With the craze of the selfie in full swing, the Electoral Commission have warned voters against taking pictures of themselves inside the polling stations during tomorrow’s election.
The concern over selfies has emerged following last year’s local and European elections, when polling station staff had to be asked to stop taking selfies. Although there are no laws against taking a picture of your own ballot paper, there are fears that some images could breach section 66 of the Representation of the People Act (1983).
The Electoral Commission have said: “The law against releasing information obtained in a polling station is there to protect the integrity of the poll and the secrecy of the ballot.
“Remember that pictures of you before you go into or after you leave the polling station are great to use on social media posts but don’t take a picture of yourself inside the polling station as if you post this it could be a breach of the law.”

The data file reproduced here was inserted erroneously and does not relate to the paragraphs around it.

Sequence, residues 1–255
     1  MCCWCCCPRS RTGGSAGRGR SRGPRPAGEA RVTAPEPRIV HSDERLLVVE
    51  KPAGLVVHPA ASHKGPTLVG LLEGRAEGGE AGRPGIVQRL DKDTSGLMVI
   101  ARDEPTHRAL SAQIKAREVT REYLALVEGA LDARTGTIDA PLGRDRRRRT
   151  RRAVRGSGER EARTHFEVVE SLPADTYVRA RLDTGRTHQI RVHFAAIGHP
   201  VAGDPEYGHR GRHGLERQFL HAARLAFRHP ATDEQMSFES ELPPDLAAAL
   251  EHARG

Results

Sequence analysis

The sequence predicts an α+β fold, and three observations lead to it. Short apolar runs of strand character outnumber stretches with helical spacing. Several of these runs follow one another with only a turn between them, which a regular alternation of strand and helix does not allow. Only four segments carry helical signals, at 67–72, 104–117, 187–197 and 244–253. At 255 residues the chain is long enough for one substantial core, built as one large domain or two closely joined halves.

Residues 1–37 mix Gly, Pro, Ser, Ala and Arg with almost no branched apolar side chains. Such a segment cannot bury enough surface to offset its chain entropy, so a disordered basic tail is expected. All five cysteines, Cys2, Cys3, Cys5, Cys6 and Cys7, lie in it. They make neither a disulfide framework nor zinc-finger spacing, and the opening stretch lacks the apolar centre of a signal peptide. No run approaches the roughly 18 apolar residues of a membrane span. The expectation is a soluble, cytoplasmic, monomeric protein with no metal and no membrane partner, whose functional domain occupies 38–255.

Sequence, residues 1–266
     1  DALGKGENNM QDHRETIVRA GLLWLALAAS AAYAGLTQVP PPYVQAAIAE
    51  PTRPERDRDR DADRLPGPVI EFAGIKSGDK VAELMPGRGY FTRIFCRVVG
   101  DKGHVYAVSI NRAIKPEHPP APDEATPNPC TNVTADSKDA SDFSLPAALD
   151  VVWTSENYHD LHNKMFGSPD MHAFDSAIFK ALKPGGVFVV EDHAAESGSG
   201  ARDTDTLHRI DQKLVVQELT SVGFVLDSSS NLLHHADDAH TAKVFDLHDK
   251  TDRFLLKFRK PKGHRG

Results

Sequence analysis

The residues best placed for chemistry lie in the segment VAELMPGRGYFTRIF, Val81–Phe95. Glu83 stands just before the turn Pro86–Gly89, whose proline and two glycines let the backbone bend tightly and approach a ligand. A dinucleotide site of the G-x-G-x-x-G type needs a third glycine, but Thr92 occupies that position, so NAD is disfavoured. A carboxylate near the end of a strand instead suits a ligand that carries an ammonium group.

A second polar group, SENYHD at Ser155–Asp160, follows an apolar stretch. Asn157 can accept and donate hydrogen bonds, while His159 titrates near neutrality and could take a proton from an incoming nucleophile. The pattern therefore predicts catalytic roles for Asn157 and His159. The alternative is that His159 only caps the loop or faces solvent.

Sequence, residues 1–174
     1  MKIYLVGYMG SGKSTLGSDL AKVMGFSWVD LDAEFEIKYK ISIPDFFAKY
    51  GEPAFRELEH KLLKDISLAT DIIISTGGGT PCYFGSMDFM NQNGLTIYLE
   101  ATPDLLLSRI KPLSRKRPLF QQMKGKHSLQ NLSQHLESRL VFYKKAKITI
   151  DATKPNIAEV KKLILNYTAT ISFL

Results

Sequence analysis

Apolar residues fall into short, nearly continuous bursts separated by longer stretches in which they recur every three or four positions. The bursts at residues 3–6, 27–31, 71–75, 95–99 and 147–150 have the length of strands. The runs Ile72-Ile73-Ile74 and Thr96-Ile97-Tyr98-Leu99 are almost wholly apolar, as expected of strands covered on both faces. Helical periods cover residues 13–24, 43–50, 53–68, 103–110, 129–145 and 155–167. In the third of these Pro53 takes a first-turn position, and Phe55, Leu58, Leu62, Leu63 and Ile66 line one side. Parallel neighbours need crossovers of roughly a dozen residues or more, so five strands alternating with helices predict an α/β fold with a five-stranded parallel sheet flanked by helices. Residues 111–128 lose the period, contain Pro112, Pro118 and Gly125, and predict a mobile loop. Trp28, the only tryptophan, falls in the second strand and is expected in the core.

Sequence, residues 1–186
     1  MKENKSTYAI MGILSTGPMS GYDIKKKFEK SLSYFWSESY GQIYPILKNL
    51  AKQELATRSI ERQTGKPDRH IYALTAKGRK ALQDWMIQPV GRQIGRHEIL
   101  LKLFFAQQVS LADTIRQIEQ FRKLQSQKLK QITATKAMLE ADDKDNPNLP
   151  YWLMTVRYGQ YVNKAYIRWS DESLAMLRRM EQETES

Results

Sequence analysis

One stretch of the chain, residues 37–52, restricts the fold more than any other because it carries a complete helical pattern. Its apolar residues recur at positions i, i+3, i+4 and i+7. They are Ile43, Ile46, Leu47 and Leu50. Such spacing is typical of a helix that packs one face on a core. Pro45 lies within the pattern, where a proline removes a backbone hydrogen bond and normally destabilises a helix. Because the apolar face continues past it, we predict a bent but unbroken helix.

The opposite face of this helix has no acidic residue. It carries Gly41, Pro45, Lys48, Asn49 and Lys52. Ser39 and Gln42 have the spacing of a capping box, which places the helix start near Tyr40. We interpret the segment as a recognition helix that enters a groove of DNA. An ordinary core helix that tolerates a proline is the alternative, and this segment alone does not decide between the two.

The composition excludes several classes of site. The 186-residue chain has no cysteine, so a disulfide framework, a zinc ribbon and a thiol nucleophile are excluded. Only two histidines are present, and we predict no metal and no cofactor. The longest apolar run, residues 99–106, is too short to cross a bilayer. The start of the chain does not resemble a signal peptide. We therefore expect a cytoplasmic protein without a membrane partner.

However, the selfie has become an increasingly popular aspect to political campaigning, with the top party leaders taking pictures of themselves with other politicians, as well as celebrities such as Joey Essex, in recent months.
In addition to this, head of campaigns at the Electoral Reform Society, Will Brett, has said: “While it’s vital that people’s privacy isn’t invaded in the polling booth, selfies could be a fun addition to the voting day ritual, especially for young people who are least likely to vote.” He goes on to say that the selfie could be a “great way to increase awareness about the election.”